Topic: "Stolen Bases" (3)
Professional Baseball has always had a structure. First, there was the "Rookie League," then a progression of Classes D, C, B, A, AA, and AAA before an aspiring professional athlete got his (at the time) shot at the Majors. Players, under the rules of Frodo's youth, were the property of the Major League team that first signed them to a contract. Not unlike chattel, players were traded, or sold, from one organization to another. Wealthier teams could buy, or trade for, talented players from smaller-market teams, while those less wealthy teams had to rely heavily on the flow of developing players from the Minor Leagues, as they were called.
All of the above nice-to-know trivia is the backdrop for the tale that today is told by the Hobbit. The Washington Senators were, for decades, the worst team in all of Major-League Baseball. The vaudeville joke was that the team was just like George Washington himself, i.e. "First in War, First in Peace, and last in the American League." Clark and Howard Griffith, the father-and-son owners of the Senators were notorious skinflints, and their team always had the lowest team payroll in the League. In order to save money, and to find better players, the Griffiths hired Joe Cambria to "scout" baseball players in the Caribbean countries. Rightfully, the Griffiths figured that there were talented athletes, and baseball was a big participant game in that part of the world, who would jump, cheaply, for the opportunity to play in the Major Leagues. Thus began the importation of players from countries such as Venezuela, Mexico, the Dominican Republic, and Cuba.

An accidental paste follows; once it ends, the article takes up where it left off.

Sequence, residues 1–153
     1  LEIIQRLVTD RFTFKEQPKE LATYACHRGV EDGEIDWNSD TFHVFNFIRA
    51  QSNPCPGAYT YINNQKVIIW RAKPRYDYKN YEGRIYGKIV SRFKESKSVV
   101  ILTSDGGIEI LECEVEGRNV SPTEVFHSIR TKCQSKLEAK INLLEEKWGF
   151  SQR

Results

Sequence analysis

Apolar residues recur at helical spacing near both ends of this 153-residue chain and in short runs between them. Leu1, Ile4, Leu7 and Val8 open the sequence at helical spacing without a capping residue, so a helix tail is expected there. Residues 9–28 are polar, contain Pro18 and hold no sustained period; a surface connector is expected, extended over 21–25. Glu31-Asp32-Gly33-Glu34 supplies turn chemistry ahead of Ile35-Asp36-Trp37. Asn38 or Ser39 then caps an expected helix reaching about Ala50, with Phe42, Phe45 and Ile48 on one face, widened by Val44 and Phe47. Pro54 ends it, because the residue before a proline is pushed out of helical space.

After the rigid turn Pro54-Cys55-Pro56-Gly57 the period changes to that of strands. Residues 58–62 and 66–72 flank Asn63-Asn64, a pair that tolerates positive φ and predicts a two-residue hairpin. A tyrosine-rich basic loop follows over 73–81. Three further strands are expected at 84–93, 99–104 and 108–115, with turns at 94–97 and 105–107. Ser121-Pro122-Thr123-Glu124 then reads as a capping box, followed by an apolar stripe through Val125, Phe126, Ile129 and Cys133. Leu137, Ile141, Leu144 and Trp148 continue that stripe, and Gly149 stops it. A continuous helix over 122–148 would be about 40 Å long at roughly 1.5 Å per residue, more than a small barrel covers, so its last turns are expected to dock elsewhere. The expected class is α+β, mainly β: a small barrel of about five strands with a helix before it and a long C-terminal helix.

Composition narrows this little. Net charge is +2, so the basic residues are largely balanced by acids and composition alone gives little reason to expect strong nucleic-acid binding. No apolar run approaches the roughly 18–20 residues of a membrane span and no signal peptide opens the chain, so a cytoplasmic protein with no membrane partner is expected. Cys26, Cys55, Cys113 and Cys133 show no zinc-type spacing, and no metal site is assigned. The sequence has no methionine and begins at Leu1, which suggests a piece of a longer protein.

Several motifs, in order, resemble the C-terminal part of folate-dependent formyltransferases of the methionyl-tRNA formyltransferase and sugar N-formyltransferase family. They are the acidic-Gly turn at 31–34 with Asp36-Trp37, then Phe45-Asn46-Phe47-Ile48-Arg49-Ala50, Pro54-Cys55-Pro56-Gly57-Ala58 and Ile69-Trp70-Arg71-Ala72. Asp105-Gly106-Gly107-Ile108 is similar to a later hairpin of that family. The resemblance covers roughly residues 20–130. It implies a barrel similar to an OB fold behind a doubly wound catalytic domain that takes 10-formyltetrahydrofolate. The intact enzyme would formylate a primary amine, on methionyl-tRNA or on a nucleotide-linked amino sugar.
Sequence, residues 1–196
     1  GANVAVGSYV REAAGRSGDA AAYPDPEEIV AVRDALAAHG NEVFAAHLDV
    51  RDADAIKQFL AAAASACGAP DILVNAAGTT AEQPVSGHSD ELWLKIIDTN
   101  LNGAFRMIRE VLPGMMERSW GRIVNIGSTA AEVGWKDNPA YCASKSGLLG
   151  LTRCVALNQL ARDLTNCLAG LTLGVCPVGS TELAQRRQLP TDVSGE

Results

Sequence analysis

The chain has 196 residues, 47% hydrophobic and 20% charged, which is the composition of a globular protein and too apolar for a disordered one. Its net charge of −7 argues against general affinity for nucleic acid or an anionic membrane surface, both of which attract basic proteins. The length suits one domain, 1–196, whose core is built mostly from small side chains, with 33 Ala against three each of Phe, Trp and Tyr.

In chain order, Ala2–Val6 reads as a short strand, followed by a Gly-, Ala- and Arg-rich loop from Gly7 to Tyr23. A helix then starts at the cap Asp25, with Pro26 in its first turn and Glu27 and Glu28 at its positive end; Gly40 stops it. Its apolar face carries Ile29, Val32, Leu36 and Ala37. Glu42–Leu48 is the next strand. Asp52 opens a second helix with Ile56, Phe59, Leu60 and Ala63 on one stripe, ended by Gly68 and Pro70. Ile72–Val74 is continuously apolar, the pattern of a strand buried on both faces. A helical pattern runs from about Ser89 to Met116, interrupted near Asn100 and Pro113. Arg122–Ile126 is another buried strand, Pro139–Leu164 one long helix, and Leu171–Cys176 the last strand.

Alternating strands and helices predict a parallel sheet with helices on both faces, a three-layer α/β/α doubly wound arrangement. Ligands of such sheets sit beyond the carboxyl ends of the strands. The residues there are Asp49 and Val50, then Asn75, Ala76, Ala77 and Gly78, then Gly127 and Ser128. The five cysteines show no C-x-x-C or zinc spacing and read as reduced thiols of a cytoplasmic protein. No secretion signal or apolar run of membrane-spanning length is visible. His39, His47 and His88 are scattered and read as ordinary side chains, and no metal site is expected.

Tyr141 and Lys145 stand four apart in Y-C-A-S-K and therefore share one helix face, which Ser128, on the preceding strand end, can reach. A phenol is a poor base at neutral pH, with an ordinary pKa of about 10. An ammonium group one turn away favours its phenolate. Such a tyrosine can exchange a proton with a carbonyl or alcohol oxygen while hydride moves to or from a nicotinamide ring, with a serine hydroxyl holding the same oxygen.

Frodo was a devoted baseball fan. Players such as Harmon Killebrew, Frank Howard, Roy Sievers, Bob Allison, Chuck Hinton, Earl Battey were some of the really good players who languished on the losing seasons of the Washington Senators. They were supplemented by Camilio Pascual, Zoilo Versalles, Pedro Ramos, and almost, a young Cuban named Fidel Castro.
THE Fidel Castro was not a poor farm boy, rather, he was the heir of an upper middle-class family in Cuba, who just happened to enjoy baseball almost as much as Frodo. Castro was probably very excited when he got the opportunity to "try-out" in front of Senor Joe Cambria, who had come to Cuba in search of the next generation of players to wear the uniform of Frodo's favorite team. Frodo can only imagine what it must have been like, for Cambria's written notes on Castro's performance, forever etched in world history, are both brief and succinct.
"Strictly Class D material."
For his contrarian readers, Frodo would simply add that had Castro been offered a contract by the Washington Senators, he would have, by progression of subsequent team movements, probably become the property of the Texas Rangers. The Texas Rangers were, not long ago, partially owned by George W. Bush.